Few things are more annoying to customers than promising something you cant deliver. The bad news is that in many industries, thats how things work: overbooking on airlines, for instance.
It might also become like that for cloud providers, who may be forced to sell more capacity than they can actually provide as a way to stay competitive with well, everyone else doing the same thing. Reuven Cohen of Enomaly has speculated that Amazon EC2 might be doing this right now. With any luck theyre not doing it in lieu of better testing and saner quota allotments.
Testing should always be standard practice. Robust, creative, think-out-of-the-box testing doubly so. Consider the way MySpace used 800 EC2 instances to test itself and see if they could meet anticipated demand for a new streaming music service. Their example involved using the cloud to test their native infrastructure, but theres no reason one couldnt use one cloud to generate test demand for another, and determine what your real needs are. And not just once, but again and again.
Just as over-utilization is both bad planning and bad business, so is under-utilization. In fact, having a good deal of idle capacity youre paying to support and not generating revenue from may well be worse than the opposite scenario.
This sort of things easier to deal with if youre the one buying the service, but what if youre the one selling it? Thats another reason why metrics and robust load testing are your best friends when creating cloud services. Also consider the possibility youre not selling enough kinds of services: is there room in your business plan for more granular, better-tiered service that might draw in a wider array of customers?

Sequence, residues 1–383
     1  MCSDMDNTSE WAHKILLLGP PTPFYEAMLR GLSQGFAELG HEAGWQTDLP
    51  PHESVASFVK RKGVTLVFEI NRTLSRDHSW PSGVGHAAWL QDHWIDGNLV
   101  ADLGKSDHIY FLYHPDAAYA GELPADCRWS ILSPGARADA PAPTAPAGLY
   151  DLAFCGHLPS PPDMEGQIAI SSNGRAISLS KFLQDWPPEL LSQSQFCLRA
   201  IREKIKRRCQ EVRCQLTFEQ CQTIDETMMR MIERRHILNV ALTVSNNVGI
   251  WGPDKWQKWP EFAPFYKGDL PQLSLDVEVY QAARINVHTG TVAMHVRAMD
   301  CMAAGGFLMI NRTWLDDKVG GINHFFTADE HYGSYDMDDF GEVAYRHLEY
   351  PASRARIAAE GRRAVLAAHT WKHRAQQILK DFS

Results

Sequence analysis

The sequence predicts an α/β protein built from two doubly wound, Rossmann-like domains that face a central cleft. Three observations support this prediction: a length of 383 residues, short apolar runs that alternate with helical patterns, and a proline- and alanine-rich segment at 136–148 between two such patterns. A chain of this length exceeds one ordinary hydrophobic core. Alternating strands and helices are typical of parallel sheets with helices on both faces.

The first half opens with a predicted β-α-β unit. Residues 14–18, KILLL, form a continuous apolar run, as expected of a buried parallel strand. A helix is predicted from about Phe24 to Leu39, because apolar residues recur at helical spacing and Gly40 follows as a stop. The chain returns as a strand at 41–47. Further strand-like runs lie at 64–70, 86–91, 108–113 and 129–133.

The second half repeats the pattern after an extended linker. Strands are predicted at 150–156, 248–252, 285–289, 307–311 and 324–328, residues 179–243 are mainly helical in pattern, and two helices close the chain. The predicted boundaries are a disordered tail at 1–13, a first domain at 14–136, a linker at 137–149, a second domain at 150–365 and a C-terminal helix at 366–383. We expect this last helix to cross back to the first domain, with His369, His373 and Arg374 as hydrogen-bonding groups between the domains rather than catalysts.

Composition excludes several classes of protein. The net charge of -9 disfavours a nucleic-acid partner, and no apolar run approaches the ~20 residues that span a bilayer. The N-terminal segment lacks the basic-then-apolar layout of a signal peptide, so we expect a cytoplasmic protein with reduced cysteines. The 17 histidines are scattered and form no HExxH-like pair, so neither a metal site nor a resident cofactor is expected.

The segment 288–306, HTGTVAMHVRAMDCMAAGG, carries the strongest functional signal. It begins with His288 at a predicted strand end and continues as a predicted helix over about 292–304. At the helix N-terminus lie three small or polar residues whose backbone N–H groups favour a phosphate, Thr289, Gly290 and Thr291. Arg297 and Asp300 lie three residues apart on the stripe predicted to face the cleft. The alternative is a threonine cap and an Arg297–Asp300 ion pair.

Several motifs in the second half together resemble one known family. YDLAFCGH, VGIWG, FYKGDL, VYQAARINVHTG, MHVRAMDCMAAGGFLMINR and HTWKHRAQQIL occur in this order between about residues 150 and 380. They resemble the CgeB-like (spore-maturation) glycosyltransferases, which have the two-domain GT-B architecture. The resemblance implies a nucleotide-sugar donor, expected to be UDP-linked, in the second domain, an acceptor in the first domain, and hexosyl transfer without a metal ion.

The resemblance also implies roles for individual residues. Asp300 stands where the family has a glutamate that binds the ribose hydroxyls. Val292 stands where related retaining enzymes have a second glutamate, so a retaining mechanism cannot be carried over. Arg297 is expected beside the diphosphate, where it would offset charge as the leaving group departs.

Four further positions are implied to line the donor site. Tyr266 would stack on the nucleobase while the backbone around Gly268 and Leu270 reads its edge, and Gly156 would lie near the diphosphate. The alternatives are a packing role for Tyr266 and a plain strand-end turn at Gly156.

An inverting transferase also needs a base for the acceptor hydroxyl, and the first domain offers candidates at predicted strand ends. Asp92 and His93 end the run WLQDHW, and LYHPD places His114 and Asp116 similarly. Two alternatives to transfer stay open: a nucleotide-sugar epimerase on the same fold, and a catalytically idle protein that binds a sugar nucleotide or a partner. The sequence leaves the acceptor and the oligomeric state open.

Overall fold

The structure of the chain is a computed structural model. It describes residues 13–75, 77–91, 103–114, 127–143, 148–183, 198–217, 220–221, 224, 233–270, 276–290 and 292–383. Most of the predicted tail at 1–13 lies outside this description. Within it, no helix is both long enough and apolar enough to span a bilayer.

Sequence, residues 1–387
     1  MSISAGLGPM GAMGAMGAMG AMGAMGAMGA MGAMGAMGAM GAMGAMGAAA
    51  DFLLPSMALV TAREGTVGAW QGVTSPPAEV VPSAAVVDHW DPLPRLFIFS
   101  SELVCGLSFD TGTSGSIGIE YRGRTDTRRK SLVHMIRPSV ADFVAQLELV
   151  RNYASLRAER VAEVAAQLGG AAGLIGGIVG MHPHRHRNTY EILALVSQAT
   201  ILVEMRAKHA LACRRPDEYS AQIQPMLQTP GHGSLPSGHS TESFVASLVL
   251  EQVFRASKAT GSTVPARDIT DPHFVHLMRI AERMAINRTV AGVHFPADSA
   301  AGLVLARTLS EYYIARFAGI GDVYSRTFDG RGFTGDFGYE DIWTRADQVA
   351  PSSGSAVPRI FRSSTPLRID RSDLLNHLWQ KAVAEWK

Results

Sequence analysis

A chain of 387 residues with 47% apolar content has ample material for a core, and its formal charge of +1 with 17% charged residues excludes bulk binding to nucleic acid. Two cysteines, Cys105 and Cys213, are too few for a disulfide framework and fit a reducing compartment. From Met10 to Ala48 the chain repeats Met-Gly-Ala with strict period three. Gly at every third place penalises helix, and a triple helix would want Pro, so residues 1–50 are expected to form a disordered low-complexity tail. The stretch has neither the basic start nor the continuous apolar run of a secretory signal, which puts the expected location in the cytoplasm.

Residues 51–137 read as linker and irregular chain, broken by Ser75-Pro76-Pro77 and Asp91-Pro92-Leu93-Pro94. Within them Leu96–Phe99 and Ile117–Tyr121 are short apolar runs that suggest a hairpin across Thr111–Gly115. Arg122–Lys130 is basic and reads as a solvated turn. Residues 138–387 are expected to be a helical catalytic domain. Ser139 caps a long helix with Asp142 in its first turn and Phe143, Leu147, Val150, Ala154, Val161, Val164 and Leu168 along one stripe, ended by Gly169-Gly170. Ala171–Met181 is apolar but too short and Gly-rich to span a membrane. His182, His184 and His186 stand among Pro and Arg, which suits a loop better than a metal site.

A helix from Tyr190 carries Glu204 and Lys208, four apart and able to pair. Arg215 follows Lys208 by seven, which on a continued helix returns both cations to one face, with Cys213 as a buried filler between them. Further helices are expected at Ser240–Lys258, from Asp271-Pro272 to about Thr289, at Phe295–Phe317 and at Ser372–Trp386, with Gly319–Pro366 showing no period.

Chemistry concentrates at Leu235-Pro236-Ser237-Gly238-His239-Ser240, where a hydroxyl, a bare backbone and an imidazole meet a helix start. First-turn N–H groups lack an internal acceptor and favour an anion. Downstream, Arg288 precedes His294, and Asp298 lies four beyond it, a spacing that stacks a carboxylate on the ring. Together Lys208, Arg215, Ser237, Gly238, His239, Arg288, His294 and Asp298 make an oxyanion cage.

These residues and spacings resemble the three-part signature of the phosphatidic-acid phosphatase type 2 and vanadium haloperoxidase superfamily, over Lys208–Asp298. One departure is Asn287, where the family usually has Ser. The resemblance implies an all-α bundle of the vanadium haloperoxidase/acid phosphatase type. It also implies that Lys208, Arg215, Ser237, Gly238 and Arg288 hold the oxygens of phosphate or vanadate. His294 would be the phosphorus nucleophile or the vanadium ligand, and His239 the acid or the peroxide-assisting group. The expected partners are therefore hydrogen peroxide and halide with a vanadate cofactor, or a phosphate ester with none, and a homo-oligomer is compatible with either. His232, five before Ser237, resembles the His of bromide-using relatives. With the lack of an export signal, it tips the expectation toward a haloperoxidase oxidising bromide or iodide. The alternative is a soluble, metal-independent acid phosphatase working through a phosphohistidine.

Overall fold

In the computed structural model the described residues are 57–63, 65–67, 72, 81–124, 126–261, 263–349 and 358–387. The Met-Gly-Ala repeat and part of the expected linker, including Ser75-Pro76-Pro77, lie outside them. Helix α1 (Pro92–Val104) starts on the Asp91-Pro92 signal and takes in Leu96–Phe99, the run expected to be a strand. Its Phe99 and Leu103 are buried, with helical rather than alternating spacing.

One word: IPv6. If youre deploying systems, using infrastructure or writing applications that arent IPv6-aware now, youre building a time bomb under your chair.
IPv4s days are more numbered than ever, and tricks like NAT or freeing up previously-unallocated blocks arent going to buy enough time to get us through the decade. Cloud computing, with its world of hosts that can appear by the thousands at once, will all but guarantee we need IPv6s address pool and technical flexibility.
Think forward on every level, and encourage everyone building on top of your infrastructures to do the same thing.
Latency has always been an issue on the Internet; just ask your local World of Warcraft raiding guild. Its just as much of an issue in the cloud.
Performance within the cloud doesnt mean much if it takes forever for the results of that performance to show up on the client. The latency that a cloud can introduce doesnt have to be deadly, and can be beaten back with both an intelligently planned infrastructure and smartly-written applications that understand where and how theyre running.
Also, cloud-based apps and the capacity of cloud computing itself are only going to be ramped up, not down, in the future. That means an arms race against increases in latency is in the offing as well. Just as the desktop PCs biggest bottlenecks are more often storage and memory, not CPU, the true source of cloud latency must be targeted and improved.
The cloud isnt an endpoint in tech evolution, any more than the PC or the commodity server were final destinations. Somethings going to come after the cloud, and may well eclipse it or render it redundant. The point isnt to speculate about what might come next, but rather to remain vigilant to change in the abstract. As the sages say, the only certainty is uncertainty, and the only constant thing is the next big thing.